Wednesday, December 19, 2012
Yesterday the ICO published its much anticipated update to its
enforcement activity for compliance with the cookies law. It is not
as dramatic a document as
some had perhaps expected or hoped for. There are no
announcements of big fines.
It is however a considered opinion on the state of play, and
gives some pointers to both their concerns about compliance, as
well as the concerns of consumers.
They note that only a small number of consumer complaints have
been received about websites - 550 up to 21 November. To put
it in context, this is about 1% of the volume of complaints they
got about unwanted text messages and phone calls in the same
However, this also has to be taken in the context of the fact
that people have a much greater awareness of their ability to
complain about the latter activity, and perceive it as more
intrusive on their lives. If they knew better what uses
cookies can and sometimes are put to, they might think differently
about their level of intrusiveness.
The report goes on to highlight the types of concerns consumers
have about cookies, with two themes dominating:
- people are unhappy with implied consent mechanisms
- they believe that they are not being given enough information
on how to manage cookies.
I think this is not entirely surprising, when you look at how
the majority of websites have chosen to interpret 'implied
The most common approach is nothing more than an informational
banner. It is a 'like it or lump it'
message, which is both a minimalistic definition of implied consent
and in the long term self-defeating. This type of message
highlights to users that there is something they might want to get
concerned about, but it does not offer any simple solution to that
problem, other than to leave the website.
Some go a little further provide links to information about how
to manage cookies via browser controls. This despite the fact
that the ICO clearly stated in its guidance that browser
controls are insufficient to be relied upon. Of the
four sites highlighted in the ICO's report, only one, the BBC
website, actually offers visitors the abillity to control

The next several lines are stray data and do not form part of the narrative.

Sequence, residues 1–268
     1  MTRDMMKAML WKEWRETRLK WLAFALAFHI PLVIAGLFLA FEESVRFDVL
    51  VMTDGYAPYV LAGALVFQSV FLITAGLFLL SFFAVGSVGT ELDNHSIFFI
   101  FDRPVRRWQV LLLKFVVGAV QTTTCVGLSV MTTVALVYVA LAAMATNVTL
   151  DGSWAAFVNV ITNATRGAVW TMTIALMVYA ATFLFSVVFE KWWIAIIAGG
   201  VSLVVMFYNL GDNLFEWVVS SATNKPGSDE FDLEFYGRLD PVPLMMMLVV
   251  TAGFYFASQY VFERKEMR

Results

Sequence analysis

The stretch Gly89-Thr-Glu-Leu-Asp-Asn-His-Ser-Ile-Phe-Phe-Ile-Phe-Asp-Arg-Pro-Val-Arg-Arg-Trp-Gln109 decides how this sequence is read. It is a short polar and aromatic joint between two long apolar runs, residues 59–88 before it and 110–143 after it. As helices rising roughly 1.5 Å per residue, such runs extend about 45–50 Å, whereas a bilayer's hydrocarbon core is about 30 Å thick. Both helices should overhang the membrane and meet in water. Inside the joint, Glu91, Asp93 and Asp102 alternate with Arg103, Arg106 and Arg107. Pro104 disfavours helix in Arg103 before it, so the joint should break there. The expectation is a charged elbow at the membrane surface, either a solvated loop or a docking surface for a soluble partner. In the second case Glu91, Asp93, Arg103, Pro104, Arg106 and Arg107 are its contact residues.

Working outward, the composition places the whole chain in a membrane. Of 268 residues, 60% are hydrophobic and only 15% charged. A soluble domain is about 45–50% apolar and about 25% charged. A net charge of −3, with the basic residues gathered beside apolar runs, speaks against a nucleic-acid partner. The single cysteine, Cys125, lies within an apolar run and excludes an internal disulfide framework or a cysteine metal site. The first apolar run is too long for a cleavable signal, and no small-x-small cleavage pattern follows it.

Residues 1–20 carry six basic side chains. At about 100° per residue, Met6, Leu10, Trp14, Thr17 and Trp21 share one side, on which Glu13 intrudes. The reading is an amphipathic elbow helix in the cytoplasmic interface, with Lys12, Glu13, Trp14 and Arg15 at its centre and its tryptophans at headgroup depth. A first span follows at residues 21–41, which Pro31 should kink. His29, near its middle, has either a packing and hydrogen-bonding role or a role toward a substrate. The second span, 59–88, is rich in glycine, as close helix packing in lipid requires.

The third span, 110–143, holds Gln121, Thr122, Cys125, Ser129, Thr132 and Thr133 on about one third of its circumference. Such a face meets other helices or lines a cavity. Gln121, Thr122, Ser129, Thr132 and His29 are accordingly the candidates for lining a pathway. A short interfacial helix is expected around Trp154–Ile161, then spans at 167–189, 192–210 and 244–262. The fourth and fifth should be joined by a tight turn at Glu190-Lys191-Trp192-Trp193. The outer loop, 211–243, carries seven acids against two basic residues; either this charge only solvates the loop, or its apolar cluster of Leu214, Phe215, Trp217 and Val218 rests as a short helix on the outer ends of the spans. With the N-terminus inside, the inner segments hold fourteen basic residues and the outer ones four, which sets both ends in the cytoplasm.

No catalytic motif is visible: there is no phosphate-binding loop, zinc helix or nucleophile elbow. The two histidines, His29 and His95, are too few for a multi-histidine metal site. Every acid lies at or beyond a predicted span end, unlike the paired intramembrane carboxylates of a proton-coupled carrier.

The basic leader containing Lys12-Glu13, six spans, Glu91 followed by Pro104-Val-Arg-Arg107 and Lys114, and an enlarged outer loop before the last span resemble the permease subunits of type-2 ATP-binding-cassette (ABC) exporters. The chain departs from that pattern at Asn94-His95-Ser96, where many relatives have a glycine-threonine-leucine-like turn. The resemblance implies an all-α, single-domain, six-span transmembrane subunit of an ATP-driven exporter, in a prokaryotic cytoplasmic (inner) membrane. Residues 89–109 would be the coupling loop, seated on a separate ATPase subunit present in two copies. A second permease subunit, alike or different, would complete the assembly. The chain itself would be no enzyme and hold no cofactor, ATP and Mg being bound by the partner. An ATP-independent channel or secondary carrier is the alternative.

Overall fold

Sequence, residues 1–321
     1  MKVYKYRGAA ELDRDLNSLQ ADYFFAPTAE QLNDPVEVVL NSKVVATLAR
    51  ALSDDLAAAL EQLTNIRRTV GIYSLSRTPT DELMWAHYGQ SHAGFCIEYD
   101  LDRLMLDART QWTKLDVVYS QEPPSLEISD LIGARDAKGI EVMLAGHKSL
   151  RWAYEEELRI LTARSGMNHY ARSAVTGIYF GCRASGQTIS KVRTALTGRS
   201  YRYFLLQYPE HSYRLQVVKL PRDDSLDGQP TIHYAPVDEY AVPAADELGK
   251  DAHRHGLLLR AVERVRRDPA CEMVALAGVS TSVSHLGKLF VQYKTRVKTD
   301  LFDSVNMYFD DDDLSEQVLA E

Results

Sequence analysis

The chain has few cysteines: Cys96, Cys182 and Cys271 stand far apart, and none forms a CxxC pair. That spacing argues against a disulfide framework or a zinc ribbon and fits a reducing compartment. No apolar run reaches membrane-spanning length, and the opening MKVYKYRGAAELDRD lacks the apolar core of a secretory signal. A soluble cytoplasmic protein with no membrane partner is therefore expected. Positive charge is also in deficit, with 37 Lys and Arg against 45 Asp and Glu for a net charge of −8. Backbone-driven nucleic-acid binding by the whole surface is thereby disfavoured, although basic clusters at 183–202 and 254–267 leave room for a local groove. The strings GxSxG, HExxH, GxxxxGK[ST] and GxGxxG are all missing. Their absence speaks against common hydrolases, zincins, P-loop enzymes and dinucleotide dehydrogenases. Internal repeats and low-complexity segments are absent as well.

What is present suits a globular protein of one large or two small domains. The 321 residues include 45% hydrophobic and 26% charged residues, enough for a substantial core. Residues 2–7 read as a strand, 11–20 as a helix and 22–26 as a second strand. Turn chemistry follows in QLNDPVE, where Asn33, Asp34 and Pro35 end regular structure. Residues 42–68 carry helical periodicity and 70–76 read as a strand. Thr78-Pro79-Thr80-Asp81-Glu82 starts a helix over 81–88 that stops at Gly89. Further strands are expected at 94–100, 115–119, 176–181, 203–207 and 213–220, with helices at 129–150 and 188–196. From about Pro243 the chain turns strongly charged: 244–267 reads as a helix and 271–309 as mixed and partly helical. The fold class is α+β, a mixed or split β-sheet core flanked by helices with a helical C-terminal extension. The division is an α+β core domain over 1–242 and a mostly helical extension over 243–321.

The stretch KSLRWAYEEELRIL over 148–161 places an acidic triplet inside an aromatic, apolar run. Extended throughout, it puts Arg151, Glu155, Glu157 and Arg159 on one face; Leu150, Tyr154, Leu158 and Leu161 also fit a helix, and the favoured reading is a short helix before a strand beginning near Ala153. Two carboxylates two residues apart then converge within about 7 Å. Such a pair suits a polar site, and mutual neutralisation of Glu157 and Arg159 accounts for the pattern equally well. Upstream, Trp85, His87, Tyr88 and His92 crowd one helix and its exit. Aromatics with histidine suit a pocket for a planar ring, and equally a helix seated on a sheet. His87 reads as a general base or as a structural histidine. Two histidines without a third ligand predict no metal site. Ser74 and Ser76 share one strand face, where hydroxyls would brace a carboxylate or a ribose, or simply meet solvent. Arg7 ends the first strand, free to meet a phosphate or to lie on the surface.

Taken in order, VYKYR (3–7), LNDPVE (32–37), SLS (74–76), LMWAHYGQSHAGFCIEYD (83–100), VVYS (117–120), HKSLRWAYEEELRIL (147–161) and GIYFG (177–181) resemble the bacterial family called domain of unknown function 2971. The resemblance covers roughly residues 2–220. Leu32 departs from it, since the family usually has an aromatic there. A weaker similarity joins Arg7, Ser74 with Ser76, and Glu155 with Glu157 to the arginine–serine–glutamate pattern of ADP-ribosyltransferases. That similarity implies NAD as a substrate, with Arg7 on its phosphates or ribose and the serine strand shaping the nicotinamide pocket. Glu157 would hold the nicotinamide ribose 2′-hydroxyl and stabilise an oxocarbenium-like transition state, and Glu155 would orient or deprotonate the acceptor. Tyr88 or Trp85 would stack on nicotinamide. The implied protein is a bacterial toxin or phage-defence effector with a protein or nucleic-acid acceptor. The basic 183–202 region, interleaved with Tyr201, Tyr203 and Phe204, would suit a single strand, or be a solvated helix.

cookies simply and easily.
So it is perhaps no wonder that those people who are aware of
the law, either feel cheated by it or that all it does is make the
website look less well designed. It does not mean that it is
a bad law in and of itself, but that the response to the law by
many in the web business has been poor.
Our approach in building our Optanon platform was very different. We decided
that site visitors should be given the ability to directly instruct
the website what uses of cookies they are prepared to accept, and
for the website owner to respond.
We believe this is a true model of implied consent - one which
provides clear information, and a chance to act on that in a user
friendly way, immediately and in a site specific manner.
What we are finding now is that more website owners are coming
round to this view. Privacy concerns among consumers are on the
rise, as is the understanding of just how much data is being
collected, and collated about them.
Several surveys this year have highlighted increased concerns,
and changes in behaviour with people abandoning websites where they
don't feel their privacy preferences are respected.
If more websites offered choice to consumers - to opt out of
using cookies with simple controls, built into the website itself,
then much of the concern about the dominant interpretation of
implied consent we see now itself may die away.
This not only builds more trust from visitors, it may serve to
reduce pressure to move towards the less business-friendly opt-in
model that website owners are really afraid of.